• November 28, 2014

Curiosity brings reward in ‘Violin’

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Posted: Sunday, September 1, 2013 4:30 am

Did you see that?

Chances are, you see lots of things that grown-ups don’t. First of all, you’re down closer to the ground and adults are way up high. And then, remember, big people move faster and are always busy, while you’ve got more time to look around.

Your eyes see all kinds of things … but would you pay attention to something your ears noticed? In the new book “The Man with the Violin” by Kathy Stinson and Dušan Petricic, you’ll read about a boy who did.

Dylan never missed a thing. He was a very observant person, but his mother? She was not. She was always busy and rush-rush-rushing, so on that cold day in January when Dylan heard beautiful music in the subway, he wasn’t surprised that his mom said there was no time to stop and check it out.

Dylan listened for as long as he could. The man with the violin moved with the sounds he was making, back and forth, like each note was taking him to another place. The music was much better than the “blibbity blabbity! Blah blah blah!” that was coming from the crowd or the growl that the train made. The music was sad and it was happy, it flew to the sky and back down again, like a very lovely bird.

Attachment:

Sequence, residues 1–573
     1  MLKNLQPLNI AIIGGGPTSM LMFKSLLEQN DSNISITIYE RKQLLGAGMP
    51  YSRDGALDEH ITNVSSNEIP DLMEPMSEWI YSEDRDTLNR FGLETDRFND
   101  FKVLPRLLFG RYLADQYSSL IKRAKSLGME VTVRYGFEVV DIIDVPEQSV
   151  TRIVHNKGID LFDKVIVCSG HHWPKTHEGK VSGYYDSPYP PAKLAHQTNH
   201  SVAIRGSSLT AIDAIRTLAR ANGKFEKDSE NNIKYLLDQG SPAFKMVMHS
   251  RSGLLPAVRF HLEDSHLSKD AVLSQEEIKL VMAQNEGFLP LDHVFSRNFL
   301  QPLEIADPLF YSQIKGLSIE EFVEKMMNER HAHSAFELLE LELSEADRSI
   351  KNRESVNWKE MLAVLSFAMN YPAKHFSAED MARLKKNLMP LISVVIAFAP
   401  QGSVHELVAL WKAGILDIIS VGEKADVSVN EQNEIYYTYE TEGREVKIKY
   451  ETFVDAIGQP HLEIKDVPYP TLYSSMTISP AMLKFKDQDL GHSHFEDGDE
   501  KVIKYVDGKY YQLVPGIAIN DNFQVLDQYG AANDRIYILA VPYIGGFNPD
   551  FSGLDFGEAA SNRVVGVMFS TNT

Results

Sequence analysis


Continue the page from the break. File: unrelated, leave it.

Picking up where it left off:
Dylan couldn’t get it out of his head. Going home, he asked his mother if she thought the man with the violin might still be in the subway. His mother didn’t know who he was talking about.

But later that day, once they were home, Dylan’s mother turned on the radio and he heard a beautiful sound! It was much better than rain or kitchen sounds or crowds or trains. It sounded beautiful and it made the room feel like it was suddenly filled with light.

It was the man with the violin!

The radio announcer said that the man was “one of the finest musicians in the world.” His name was Joshua Bell and he played his instrument in the subway — though not many people noticed.

But Dylan did. He noticed, and the music made him happy…

Yes, there is a real Joshua Bell, a violin virtuoso from Indiana who participated in an “experiment” in early 2007. What happened offers a subtle message for adults: take the time to see the world as your kids see it.

Your children might not catch that message, though, and that’s OK. Stinson and Petricic have plenty in this book for them, including illustrations that practically put a song on each page. I was totally captivated by those drawings, done in black-and-white with splashes of color to underscore what happens to little Dylan and his world.

This is the perfect book for curious kids, and for 3-to-7-year-olds who love music. Read “The Man with the Violin,” because it’s a book they’ll want to see.

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